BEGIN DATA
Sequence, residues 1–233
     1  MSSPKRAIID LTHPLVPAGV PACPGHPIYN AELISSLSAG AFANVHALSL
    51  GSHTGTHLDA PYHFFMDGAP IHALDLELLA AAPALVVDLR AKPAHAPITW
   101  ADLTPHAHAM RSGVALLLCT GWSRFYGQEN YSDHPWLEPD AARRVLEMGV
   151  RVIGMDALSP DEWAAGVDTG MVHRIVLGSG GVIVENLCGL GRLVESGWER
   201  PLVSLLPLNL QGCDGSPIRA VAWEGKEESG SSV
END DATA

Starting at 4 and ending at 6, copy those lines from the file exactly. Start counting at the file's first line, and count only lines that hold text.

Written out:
   101  ADLTPHAHAM RSGVALLLCT GWSRFYGQEN YSDHPWLEPD AARRVLEMGV
   151  RVIGMDALSP DEWAAGVDTG MVHRIVLGSG GVIVENLCGL GRLVESGWER
   201  PLVSLLPLNL QGCDGSPIRA VAWEGKEESG SSV